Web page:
Announcing the 2012 report card for his economic programme last month, Najib hailed a 22 percent rise in private investment, compared with a 12 percent gain the previous year. That, however, includes spending by the GLCs.
Total committed investments under the programme fell to 32 billion ringgit ($10.2 billion), down 82 percent from 179 billion ringgit in 2011. Foreign direct investment fell 26 percent to 29.1 billion ringgit in 2012.
GLCs play a big role across Malaysia’s economy, taking up 56 percent of banking assets, 67 percent of the communication sector and 88 percent of utilities, according to the ADB.
Defined as companies with commercial goals but with some government control over decisions, they include Malaysia’s two biggest banks, CIMB and Maybank.
Seven out of Malaysia’s top 10 listed companies are majority-owned by the government, and GLCs make up about 36 percent of the stock market’s capitalisation.
Their political role has also been underlined in the run-up to the election, with Najib announcing that 40,000 employees of Telekom Malaysia and postal group Pos Malaysia would receive a 500 ringgit ($160) bonus.
He also authorised a 1,000 ringgit bonus for the 40,000 employees of state oil giant Petronas.
“They will think of it as a form of national service,” an analyst with an investment bank in Kuala Lumpur, who declined to be identified because of the sensitivity of the issue, said of the pre-election bonuses.
A flurry of recent moves by GLCs into Malaysia’s property sector, like the $450 million Sunrise deal, has expanded the state’s role in a sector traditionally dominated by Chinese business interests.
Teh Chi-Chang, director of the opposition-linked REFSA think tank, called them “backdoor nationalizations” that deter entrepreneurs in the sector.
In 2011, state investment firm Permodalan Nasional Berhad (PNB) took a controlling stake in Malaysia’s biggest property firm, SP Setia Berhad. State-controlled plantation Sime Darby became the largest shareholder in property developer E&O later that year.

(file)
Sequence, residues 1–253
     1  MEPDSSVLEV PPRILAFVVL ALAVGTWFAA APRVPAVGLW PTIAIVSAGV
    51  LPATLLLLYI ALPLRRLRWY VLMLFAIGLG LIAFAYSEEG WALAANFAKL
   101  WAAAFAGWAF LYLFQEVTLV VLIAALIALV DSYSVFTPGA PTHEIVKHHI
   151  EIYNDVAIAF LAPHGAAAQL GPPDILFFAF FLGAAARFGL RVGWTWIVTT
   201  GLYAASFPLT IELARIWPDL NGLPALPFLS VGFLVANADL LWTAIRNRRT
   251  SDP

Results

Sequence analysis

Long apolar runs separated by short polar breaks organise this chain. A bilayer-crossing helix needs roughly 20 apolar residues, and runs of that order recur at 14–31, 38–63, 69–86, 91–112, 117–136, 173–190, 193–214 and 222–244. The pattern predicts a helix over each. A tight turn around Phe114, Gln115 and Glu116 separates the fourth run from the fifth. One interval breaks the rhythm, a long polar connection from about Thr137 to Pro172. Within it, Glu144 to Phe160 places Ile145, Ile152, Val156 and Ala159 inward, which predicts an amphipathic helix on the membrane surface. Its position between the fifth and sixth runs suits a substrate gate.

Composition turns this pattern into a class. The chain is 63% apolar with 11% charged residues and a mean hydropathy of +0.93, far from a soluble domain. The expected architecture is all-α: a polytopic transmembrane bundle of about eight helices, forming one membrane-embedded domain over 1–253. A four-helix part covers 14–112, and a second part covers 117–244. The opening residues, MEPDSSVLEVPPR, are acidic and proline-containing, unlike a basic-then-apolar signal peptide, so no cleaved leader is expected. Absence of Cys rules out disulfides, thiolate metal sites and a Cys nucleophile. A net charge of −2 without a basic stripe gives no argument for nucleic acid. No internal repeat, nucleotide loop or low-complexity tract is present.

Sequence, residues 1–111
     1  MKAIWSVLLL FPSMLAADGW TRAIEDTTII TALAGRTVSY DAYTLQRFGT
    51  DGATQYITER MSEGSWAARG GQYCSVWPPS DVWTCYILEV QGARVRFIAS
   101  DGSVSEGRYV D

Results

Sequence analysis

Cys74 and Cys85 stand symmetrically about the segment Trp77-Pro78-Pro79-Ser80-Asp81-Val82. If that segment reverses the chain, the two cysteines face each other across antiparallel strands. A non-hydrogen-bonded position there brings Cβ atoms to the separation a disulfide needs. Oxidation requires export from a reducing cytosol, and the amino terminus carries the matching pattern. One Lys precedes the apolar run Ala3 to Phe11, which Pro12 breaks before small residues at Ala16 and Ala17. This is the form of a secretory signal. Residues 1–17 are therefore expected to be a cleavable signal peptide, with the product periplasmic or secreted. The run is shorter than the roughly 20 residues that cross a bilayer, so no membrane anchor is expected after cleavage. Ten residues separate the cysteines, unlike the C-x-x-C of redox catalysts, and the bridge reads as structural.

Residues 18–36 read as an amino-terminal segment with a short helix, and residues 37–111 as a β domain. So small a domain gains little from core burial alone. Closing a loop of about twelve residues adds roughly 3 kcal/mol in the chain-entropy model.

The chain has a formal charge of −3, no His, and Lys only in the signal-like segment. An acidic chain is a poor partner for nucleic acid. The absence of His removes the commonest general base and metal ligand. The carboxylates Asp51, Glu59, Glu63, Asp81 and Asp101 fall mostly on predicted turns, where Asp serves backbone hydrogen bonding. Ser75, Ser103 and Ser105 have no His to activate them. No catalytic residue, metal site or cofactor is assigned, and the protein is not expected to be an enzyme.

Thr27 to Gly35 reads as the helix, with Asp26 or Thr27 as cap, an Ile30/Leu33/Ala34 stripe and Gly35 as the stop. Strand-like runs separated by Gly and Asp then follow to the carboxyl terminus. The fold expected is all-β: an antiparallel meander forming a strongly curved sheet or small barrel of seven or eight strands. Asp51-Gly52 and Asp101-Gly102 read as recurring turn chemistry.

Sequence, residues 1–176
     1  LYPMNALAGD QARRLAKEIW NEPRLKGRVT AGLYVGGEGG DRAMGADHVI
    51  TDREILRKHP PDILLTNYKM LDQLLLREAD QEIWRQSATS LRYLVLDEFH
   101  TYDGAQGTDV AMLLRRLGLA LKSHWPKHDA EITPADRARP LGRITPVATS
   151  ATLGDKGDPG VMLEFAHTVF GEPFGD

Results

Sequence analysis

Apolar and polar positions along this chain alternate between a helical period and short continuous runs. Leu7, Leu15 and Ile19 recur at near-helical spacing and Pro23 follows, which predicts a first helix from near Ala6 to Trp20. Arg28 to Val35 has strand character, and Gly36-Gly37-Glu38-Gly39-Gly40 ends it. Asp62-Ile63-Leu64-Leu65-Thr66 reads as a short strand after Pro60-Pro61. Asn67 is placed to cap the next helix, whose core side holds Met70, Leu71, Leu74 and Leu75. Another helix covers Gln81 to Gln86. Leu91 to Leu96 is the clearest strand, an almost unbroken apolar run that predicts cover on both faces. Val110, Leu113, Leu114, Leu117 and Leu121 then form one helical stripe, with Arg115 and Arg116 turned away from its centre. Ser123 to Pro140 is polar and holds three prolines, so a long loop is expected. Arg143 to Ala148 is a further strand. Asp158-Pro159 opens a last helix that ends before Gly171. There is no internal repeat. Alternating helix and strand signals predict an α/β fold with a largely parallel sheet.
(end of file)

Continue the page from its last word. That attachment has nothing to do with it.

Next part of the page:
The three-party opposition alliance, led by former deputy prime minister Anwar Ibrahim, has an outside chance of upsetting Najib’s coalition, according to opinion polls. The alliance points to the expansion of state-linked firms as evidence Najib’s reform agenda has stalled.
“Malaysia has one of the most vibrant private property sectors in the world and yet you have the government getting involved,” said Tony Pua, a leading opposition politician.
“There’s no point in having our GLCs competing on building luxury homes.”
Malaysia’s GLCs have increasingly gone international in their hunt for yield, despite the government’s insistence that there are bountiful investment opportunities at home.
A consortium including Sime Darby, SP Setia, and Malaysia’s Employees Provident Fund, bought Britain’s Battersea power station for more than $600 million last year and plans to build luxury apartments on the site.
That helped put Malaysians ahead of Russian oligarchs and rich Chinese on the list of the biggest buyers of London property in the first seven months of 2012.
The government rejects accusations it is stifling enterprise in the property market, saying projects like a new publicly funded $8.4 billion financial exchange in the works in Kuala Lumpur will generate opportunities for companies.
Mohd Emir Mavani Abdullah, a director at the government’s economic performance unit and a Felda board member, said the move into London property showed that government-linked firms were keen to avoid suffocating private firms at home.
The government also notes that many GLCs are strong performers, with the biggest 20 generating a compound annual return of 14.5 percent from May 2004 to April 2012, far outperforming the Kuala Lumpur market.